Resident observer Margaret Humbard commented that Price had defeated three other candidates without a runoff and suggested he be allowed to govern. Blount County Farmers Federation Board Director Dennis Maze, who had arrived with son Jeff, Price, and Scofield, spoke of the escorts as both a courtesy and safety provision, appearing to press for their continuation.

Ogles echoed similarly that the escorts have been a “courtesy thing [that] we’ve always done.” He added that he had never received a call from a citizen [on them].

Price asserted the escorts will continue. He noted, “[some] are trying to mandate my decision. When a family asks me for an escort and why all of a sudden it is an issue when it never has been… never… I’ll just explain to them when I have them in my funeral home.”

Personnel

In another matter, Ogles returned to a question of cross training town hall employees. Town clerk Rae Ware explained that there is “no good time for cross training.” She explained that employee specializations often require the three hall employees to pursue their specific roles at the same time.

Ogles pressed, asserting that in the past couple of years Ware was absent and the town needed a check written. An employee reportedly had told Ogles only Ware could write checks. Ware contended that others may write checks, if needed.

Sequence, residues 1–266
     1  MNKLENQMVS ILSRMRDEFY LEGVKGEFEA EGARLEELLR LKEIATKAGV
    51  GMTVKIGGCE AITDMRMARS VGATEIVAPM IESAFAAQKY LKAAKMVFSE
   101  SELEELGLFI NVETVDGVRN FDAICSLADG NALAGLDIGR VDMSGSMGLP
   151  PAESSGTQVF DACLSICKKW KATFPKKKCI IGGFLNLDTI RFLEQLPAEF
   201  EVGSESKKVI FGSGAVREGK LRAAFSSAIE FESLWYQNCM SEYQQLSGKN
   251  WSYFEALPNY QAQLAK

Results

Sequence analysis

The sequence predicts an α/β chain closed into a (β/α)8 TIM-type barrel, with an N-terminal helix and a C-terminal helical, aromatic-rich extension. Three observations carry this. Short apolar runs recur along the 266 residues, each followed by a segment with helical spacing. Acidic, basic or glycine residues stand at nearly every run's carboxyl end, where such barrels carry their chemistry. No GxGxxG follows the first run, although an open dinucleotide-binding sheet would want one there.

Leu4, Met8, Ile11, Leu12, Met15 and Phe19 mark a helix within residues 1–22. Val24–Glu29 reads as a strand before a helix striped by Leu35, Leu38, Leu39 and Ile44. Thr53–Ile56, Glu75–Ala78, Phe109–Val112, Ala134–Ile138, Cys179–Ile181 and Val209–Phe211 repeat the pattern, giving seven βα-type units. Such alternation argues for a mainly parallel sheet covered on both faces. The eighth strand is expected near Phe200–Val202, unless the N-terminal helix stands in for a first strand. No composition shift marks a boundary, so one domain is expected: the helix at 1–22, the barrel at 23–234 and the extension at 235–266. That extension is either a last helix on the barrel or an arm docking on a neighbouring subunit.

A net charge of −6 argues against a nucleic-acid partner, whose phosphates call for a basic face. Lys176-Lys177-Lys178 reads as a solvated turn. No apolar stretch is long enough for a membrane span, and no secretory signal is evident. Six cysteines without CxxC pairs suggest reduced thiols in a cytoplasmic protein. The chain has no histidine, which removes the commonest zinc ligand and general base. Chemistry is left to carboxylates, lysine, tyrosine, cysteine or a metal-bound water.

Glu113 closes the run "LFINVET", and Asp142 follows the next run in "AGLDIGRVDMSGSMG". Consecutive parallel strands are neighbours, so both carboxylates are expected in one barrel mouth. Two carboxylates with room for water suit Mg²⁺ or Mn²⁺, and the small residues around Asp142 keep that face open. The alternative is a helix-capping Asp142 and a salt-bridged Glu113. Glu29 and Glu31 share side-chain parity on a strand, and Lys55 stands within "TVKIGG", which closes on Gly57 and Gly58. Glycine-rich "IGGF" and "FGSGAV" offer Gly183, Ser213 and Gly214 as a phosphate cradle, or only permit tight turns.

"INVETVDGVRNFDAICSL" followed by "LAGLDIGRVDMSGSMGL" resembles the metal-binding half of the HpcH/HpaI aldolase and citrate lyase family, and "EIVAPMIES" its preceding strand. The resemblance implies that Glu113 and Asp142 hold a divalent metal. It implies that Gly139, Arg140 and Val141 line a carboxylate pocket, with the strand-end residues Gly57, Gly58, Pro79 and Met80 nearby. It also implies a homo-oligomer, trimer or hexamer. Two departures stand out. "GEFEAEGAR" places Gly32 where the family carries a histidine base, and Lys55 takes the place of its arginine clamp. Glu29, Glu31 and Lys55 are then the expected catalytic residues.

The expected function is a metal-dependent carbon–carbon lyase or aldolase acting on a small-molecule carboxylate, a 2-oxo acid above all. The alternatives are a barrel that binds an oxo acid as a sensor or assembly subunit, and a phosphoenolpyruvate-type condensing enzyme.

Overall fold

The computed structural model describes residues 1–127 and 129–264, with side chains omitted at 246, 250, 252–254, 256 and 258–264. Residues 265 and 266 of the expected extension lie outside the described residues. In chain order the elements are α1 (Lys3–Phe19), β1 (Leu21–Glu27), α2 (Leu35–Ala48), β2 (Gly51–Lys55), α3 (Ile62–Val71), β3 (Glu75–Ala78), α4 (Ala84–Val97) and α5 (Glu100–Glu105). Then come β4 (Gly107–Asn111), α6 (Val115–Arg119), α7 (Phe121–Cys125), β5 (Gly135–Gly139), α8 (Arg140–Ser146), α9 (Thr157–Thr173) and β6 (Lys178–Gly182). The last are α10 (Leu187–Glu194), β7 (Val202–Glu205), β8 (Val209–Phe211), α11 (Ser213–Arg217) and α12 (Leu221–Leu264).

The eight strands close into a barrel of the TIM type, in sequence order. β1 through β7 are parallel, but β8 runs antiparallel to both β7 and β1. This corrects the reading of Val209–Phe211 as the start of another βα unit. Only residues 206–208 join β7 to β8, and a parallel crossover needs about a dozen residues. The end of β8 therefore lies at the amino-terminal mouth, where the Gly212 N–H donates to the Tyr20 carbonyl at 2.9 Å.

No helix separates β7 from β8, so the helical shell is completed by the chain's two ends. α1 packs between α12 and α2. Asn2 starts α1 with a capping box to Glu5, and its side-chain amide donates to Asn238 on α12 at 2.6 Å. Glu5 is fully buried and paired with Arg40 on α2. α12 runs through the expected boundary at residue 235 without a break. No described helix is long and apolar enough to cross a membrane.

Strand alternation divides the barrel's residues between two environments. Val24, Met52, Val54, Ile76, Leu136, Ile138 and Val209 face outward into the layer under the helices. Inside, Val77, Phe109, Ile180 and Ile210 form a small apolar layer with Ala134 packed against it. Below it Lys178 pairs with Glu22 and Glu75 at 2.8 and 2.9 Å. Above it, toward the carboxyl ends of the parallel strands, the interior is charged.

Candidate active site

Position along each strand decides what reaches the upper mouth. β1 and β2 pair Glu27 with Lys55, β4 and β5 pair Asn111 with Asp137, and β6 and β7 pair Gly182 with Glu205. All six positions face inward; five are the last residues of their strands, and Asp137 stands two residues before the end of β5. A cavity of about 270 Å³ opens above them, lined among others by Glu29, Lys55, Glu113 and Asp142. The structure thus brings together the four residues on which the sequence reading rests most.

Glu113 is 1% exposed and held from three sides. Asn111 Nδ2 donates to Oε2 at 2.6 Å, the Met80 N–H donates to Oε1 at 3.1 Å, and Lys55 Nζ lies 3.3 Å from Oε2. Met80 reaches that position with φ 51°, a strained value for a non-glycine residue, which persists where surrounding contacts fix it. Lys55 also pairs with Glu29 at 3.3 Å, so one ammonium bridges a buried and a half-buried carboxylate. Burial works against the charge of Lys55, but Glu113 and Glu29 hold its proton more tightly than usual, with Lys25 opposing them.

In continued discussion, Sullins proposed that some employees have no interest in cross training. Price then offered to speak with employees to see if that understanding might be in error.

Whited spoke, indicating the town has had two applications for positions. Price questioned why he had not known of these applications, emphasizing he did not like to be “blindsided.”

Ware responded she had placed them in a folder for the mayor but apologized that he had not received them.

Councilman Tim Kent asked an addition to the record to address a concern by town auditor Lori Criswell. Kent indicated Criswell felt the reported events suggested she had not shown up for a scheduled meeting. She wished it clarified that she was not scheduled to be at the town hall on the day indicated.

All members attended the Jan. 5 meeting. The council returns to its regularly scheduled second and fourth Monday meeting nights with its Jan. 23, 7 p.m., session. As noted, members meet at the town community center.